Speaker cancels October date

Jessie Hellmann

Editor’s note: In the previous article “Sex offender to speak on campus” we were misinformed about how much money Ritz would be paid. This article has the correct amount he would have been paid at $2,000.

Adam Ritz’s “Are You Invincible” presentation will not take place on Oct. 19 at the request of the speaker, according to a statement issued Tuesday afternoon by Activities Programming Board (APB) program adviser Kathy Jones.

APB booked Ritz to speak for Alcohol Awareness Week.

In his speech, Ritz discusses people in the news who have made bad decisions and the negative consequences that follow. He takes his presentation across the nation to speak at various colleges and has spoken for professional football teams like the Dallas Cowboys and the Miami Dolphins.

Jones said Ritz did not give a reason for canceling, and she doesn’t know if he will set another date.

“The Activities Programming Board is disappointed with this news and feels that the event would have brought a different perspective to campus programming on alcohol issues,” the statement read.

APB will not lose the $2,000 because Ritz canceled his appearance, and his contract with APB states he was not to be paid until the conclusion of his speech.

APB does not know what they will do for a speaker for Alcohol Awareness Week because Ritz canceled on short notice, Jones said.

Ritz served six months in prison after he pled guilty to sexual battery involving his 22-year-old babysitter in 2004. The court ordered he complete one year of probation, 120 hours of community service and to register as a lifetime sex offender.

Nikki Kessler, Human, Environmental and Animal Rights (HEAR) vice president and junior psychology major, said she does not understand why people were horrified about Ritz coming to speak.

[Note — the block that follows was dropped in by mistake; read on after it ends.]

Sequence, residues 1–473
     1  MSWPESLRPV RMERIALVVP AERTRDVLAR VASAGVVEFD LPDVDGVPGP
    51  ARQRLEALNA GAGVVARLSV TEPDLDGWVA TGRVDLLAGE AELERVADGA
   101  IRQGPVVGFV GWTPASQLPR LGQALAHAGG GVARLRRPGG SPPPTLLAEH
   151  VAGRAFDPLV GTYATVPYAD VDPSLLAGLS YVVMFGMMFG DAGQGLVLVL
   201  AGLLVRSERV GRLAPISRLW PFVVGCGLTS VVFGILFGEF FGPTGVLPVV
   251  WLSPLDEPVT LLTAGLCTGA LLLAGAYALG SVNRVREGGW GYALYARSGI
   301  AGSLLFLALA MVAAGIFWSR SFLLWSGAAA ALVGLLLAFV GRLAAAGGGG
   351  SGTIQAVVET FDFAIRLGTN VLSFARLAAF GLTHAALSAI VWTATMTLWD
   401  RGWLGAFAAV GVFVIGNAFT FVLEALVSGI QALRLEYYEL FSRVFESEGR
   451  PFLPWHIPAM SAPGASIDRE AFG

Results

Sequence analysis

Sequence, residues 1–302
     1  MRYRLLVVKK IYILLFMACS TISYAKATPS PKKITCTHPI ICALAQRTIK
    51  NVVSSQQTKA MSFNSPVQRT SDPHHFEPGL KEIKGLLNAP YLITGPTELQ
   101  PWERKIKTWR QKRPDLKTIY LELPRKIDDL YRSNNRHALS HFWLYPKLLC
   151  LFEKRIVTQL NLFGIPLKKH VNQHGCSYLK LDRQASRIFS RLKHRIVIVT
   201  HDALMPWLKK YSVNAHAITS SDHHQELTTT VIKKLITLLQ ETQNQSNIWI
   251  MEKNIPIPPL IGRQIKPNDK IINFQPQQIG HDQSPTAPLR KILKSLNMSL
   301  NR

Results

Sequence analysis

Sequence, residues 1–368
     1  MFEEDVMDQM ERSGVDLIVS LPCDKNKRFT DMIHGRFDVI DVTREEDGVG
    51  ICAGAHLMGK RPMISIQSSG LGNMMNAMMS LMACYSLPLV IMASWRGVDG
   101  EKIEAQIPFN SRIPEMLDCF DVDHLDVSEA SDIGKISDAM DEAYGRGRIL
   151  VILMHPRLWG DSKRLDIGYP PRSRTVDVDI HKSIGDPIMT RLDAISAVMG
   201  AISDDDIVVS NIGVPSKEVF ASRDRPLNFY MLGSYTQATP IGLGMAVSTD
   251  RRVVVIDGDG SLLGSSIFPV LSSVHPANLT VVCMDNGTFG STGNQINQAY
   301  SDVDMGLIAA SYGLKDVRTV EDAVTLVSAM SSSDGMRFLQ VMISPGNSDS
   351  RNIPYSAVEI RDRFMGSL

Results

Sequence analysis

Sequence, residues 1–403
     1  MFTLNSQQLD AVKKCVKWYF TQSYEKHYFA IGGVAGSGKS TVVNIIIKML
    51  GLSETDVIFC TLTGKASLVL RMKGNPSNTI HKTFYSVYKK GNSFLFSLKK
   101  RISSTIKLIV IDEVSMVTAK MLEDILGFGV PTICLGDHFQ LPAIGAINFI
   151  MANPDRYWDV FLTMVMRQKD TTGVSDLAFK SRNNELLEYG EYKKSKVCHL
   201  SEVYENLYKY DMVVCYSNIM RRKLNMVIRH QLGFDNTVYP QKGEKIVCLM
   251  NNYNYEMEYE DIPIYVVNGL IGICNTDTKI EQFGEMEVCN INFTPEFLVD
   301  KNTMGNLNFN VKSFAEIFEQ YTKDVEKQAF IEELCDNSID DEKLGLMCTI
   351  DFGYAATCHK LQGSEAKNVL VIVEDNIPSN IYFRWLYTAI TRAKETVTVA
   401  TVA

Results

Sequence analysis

“Obviously he’s doing something good with his life because he’s speaking to college students now,” she said.

Kessler served as APB’s Film Chair in 2010-2011. She said she thinks it was rude and unnecessary to plan for extra security at the event.

“Maybe (APB) should do research before they bring people, but it’s in the past,” Kessler said. “He served six months.”

She said his presentation would have been good for the university and she planned on attending it.

“We’re giving him a shot and opening people’s minds,” Kessler said. “The past is the past, and you got to move forward.”

Sophomore Megan Kadlec from Minnesota State University said she saw Ritz speak last April when she was covering the event for the school’s newspaper.

“He never said anything about his past until the very end, the last five minutes,” she said. “I thought that was weird because he paints himself as great guy with a successful career, and then says oh, woe is me, I’m a convicted sexual predator.”

Kadlec said his entire presentation was about different students who got in trouble because of drinking and driving accidents.

“Basically a lot of stories about what happens to these people who were drunk but never mentions people who were victims of the accidents,” she said.

She said one thing he said was particularly appalling.

“Forget about the student who is killed, the person who killed him, his life is ruined forever,” Kadlec quoted Ritz.

“He completely disregards the student who died,” she said.

She said when he told everyone he was a sex offender, she thinks he sounded insincere, but she said she doesn’t want to accuse him of that.

“He was almost upset about it in a way, but it was clearly a show,” she said.

Kadlec said after the presentation Ritz didn’t accept questions because of time restraints.

Attempts to reach Ritz for comment were unsuccessful.